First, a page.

• Are countries using IRM reports to learn and improve on OGP process and content of NAPs? How effective are report launch events, associated communications strategies, and format of the reports in reaching this goal? 

  • To what extent is the IRM working as an accountability mechanism and affecting policy change at the country level? How do key OGP stakeholders define “accountability” in the context of the IRM, and are those views divergent or convergent on a common framework? If divergent, what implications does that have for key assumptions in OGPs theory of change? 

2.3 Assessing effectiveness of OGP’s rules of the game

Finally, the review should address the effectiveness of OGP’s structure and policies – which collectively entail the rules of the game.  Specific questions are:

  • Are OGP’s calendar, guidelines (e.g. co creation process) and rules (e.g. regarding NAP delays) designed and communicated in ways to encourage more ambition?

  • Do the eligibility criteria adequately capture the vision of OGP as stated in the OGP declaration? Are they a useful predictor of a country’s performance in OGP once they join?

  • How effective are OGP’s reward and review mechanisms (e.g. IRM reports, OGP Response Policy) in incentivizing positive outcomes or sanctioning negative outcomes in participating countries?

 

3. Output

The review should discuss macro-level outcomes (and other observable outcomes not defined here) of the partnership till date, with detailed analysis of the effectiveness of the OGP platform, structure and policies in shaping those outcomes. In particular, the review should stem from an understanding that OGP works in complex environments with a diverse set of actors. It should take into account the following considerations when evaluating the effectiveness of the partnership.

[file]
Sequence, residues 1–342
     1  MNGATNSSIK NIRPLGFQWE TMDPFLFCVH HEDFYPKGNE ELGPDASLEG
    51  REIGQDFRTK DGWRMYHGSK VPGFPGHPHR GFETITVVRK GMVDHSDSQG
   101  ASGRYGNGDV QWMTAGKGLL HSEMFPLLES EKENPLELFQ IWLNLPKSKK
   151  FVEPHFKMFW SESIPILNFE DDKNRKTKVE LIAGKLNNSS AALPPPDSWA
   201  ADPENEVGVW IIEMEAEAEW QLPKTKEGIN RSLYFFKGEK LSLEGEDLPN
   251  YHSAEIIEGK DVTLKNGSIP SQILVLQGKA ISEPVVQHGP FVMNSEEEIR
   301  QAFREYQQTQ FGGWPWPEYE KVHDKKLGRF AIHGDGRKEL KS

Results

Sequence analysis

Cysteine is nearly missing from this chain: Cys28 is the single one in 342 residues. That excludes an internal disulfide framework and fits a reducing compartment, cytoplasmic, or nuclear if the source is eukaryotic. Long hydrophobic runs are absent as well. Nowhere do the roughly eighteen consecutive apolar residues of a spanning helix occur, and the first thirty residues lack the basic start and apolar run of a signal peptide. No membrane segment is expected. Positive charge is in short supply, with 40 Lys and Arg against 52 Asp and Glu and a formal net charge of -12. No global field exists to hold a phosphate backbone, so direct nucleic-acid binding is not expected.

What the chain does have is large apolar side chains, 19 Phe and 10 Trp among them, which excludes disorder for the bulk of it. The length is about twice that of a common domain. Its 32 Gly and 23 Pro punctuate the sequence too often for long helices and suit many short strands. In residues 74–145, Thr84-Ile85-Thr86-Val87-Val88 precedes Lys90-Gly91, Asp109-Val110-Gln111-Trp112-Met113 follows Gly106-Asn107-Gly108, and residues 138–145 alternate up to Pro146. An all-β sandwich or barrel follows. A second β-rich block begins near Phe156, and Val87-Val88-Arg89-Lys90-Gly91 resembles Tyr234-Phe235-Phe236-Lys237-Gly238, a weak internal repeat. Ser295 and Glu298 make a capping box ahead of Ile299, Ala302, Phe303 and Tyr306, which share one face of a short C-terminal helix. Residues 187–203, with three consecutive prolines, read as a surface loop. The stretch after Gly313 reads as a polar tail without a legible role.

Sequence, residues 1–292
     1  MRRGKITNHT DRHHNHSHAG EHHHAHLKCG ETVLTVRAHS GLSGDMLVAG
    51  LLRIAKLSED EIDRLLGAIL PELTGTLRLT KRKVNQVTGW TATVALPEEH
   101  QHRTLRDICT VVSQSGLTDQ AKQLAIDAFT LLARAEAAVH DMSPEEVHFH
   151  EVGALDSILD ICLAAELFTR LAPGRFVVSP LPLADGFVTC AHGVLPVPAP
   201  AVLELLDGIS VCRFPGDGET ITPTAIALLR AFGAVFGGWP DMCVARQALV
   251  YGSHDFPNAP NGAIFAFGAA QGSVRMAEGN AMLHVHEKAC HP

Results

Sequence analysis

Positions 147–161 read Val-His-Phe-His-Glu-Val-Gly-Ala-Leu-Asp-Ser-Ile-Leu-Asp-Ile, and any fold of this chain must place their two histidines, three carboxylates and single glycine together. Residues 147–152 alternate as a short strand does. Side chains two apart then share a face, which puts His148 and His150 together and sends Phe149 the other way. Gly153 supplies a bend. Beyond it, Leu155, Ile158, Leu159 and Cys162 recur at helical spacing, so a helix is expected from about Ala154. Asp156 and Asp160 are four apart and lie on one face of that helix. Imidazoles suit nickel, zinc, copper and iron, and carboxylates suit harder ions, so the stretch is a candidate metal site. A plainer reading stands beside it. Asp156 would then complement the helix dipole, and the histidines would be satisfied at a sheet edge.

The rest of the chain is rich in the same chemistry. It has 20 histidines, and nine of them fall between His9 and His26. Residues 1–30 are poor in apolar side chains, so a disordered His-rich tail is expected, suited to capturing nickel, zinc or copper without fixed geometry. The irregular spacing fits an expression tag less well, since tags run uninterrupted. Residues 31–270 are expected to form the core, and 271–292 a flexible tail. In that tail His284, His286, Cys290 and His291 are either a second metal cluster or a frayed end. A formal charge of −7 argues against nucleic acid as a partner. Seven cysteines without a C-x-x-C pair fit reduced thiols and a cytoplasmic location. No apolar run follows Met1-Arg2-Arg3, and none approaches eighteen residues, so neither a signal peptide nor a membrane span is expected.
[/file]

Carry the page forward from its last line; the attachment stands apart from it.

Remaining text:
• Role of key actors: The interests and motivations of reformers (high level political leaders, government officials, civil society actors) as well as OGP Steering Committee members, Support Unit and IRM are central to understanding progress. OGP’s platform will only be as good as the actors promoting and using them.

  • Contribution vs. attribution: In some cases, OGP may be a principal contributing factor to changes in the world, but it will almost never be the only factor.

  • Political context: The major reforms within OGP take place within contentious political, social, and economic contexts. The success of OGP commitments often happens because of–not in spite of–the broader context.

  • Contingency and unpredictability: The nature of OGP’s work can at times be unpredictable and subject to volatility from external factors, making course corrections a necessary and effective part of our strategy.

With these in mind, the review should provide a retrospective analysis of the first years of OGP. It should surface OGP’s contribution to observable outcomes and the key challenges it faces. Based on these findings the review should also present key implications for a strategic direction forward.

 

4. Sources and Evidence

The review can draw upon existing information collected by the the OGP Support Unit and IRM. These include but would not be limited to the following:

  • OGP Explorer and other databases of commitments

  • IRM Reports

  • OGP’s Progress Indicators, which  track the steps in its theory of change to reach short and long term goals.

  • OGP research products, which try to understand whether and how the OGP platform contributes to open government reforms.

  • OGP Civil Society Surveys and civil society reviews of National Action Plans